Having been so impressed by They Live in the Grey, I was very keen to find out what the Vang Brothers are working on next. They both laughed with a little uncertainty. Abel: “We signed to do a project with a major studio that we can’t speak about yet. Then we have another one that’s under an NDA, so we can’t speak about that either.” Burlee: “We are working on feature ideas, and if They Live in the Grey is successful, if there are fans, we do intend to continue telling Claire’s story.” Abel: “There’s a lot more to tell.” Burlee: “She’s barely at the start.” So this film could potentially be a back story to a whole career for her? Both: “Yes, that’s the hope.”
I really hope it will be a success and think it could have been great on the big screen, alongside films like Candyman. As it turns out, it’s due to be released on Shudder, so I asked the brothers how they feel about that. Both: “We’re so excited.” Abel: “I think Shudder has had so much growth and seeing the caliber of films and shows that are coming out, and the fact that viewing patterns have completely changed. I mean if this was ten years ago, yes, I’d want it on the silver screen; but instead, now I want it on everybody’s cellphone. I want everyone to watch it on Roku.” Burlee: “We still frequent theatres, but unless it’s a big, giant blockbuster. For quieter films, when you sit and watch the movie…” Abel: “It’s just playing to empty seats, which is sad.” Burlee: “So releasing via a platform like Shudder, for us, felt like the right choice. And they’re wonderful, they’re taking care of this film very well; we’re happy to be part of it.”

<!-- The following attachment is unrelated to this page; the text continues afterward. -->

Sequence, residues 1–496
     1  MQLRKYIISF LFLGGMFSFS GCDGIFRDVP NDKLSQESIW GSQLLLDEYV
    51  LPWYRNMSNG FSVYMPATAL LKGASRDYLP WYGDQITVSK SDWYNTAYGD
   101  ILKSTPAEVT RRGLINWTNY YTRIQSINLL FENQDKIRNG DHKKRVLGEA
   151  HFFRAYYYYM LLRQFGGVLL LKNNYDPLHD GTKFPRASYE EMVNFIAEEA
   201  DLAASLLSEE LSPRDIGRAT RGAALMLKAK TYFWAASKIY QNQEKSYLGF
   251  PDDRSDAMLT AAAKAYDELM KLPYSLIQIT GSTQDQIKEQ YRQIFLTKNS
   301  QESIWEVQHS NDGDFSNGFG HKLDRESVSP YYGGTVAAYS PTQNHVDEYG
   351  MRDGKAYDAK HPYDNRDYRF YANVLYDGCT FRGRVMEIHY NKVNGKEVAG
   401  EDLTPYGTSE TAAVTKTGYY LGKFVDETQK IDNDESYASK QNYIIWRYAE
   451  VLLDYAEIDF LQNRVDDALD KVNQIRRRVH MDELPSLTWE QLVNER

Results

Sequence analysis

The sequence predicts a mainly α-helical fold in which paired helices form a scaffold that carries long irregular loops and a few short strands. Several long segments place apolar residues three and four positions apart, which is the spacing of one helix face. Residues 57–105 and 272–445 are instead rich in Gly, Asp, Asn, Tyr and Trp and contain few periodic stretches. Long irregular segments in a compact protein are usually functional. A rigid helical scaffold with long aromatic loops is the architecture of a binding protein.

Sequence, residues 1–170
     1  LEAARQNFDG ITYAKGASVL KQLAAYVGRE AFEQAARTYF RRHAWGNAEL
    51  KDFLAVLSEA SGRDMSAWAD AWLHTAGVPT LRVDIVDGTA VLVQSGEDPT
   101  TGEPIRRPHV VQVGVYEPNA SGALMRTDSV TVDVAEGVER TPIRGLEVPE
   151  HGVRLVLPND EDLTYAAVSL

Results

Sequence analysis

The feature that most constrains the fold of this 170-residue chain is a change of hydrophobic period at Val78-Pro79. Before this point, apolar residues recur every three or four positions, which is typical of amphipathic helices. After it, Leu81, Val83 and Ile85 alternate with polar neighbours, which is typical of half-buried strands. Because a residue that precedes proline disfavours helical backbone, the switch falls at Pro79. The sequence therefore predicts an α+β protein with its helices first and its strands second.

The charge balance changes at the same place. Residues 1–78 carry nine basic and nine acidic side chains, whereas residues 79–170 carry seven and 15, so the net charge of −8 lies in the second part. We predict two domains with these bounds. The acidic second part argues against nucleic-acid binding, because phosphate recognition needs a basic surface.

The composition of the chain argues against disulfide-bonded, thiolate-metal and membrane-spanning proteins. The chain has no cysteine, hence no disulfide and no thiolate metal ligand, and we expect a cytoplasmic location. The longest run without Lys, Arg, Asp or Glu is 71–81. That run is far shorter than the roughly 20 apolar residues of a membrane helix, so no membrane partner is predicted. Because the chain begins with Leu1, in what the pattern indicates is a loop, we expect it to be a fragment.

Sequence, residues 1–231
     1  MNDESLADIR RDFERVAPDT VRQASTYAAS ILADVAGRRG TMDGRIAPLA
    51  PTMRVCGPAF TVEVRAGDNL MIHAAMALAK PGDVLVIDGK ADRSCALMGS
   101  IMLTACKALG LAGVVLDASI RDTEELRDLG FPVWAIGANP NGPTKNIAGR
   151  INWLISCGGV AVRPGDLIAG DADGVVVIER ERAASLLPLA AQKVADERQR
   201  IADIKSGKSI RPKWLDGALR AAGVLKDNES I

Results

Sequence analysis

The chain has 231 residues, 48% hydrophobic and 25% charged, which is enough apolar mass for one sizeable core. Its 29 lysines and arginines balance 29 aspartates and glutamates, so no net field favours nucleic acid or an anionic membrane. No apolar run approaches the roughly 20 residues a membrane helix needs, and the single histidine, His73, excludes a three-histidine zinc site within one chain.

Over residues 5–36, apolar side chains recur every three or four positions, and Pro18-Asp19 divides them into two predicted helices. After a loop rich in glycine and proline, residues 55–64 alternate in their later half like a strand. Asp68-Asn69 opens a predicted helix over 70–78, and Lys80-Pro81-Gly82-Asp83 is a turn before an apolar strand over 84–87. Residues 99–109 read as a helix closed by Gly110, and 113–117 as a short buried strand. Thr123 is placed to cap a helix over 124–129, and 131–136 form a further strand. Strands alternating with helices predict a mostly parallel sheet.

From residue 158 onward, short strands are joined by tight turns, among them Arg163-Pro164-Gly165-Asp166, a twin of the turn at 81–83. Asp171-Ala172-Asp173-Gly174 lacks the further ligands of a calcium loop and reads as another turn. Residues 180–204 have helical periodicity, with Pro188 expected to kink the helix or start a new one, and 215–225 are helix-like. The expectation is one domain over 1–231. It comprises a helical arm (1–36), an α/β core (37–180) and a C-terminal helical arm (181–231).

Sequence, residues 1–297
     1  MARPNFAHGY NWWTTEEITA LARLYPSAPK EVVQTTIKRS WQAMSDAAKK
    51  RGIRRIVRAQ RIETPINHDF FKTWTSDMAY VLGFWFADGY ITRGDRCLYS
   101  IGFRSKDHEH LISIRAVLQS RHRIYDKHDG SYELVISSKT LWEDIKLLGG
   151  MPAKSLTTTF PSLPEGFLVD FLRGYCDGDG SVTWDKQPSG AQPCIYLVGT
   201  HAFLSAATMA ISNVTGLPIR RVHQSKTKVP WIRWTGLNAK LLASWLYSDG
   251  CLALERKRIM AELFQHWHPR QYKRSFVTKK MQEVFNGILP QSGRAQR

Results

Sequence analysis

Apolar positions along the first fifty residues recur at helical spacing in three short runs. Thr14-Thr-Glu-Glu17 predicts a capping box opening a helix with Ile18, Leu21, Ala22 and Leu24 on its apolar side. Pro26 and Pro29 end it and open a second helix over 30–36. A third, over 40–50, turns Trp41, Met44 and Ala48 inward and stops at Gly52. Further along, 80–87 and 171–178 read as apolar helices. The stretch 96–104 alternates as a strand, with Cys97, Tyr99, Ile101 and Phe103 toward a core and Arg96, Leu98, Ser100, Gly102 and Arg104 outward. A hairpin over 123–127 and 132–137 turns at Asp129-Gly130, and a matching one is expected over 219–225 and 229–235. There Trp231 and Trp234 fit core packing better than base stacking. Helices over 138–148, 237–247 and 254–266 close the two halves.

Michelle Krusiec, Lead Actress
Michelle played Claire Lang, child protection officer and (less officially) clairvoyant by nature. Her role was central and her performance crucial to The Live in the Grey, a sad and powerful film, as I described it in my review; so I opened my interview with her by asking how it felt to carry such a heavy story. “Oh Alix, I was excited because as a person of color, specifically Asian,” Michelle said, “it’s not often I’m asked to carry a film. So for me, it was an honor and the Vangs told me how they really championed keeping that character Asian American, that it had often been put to the test by financiers; and so for them to really stick to their vision for the part, I felt I had an obligation to really deliver the performance.” From my perspective as a film lover, it certainly worked.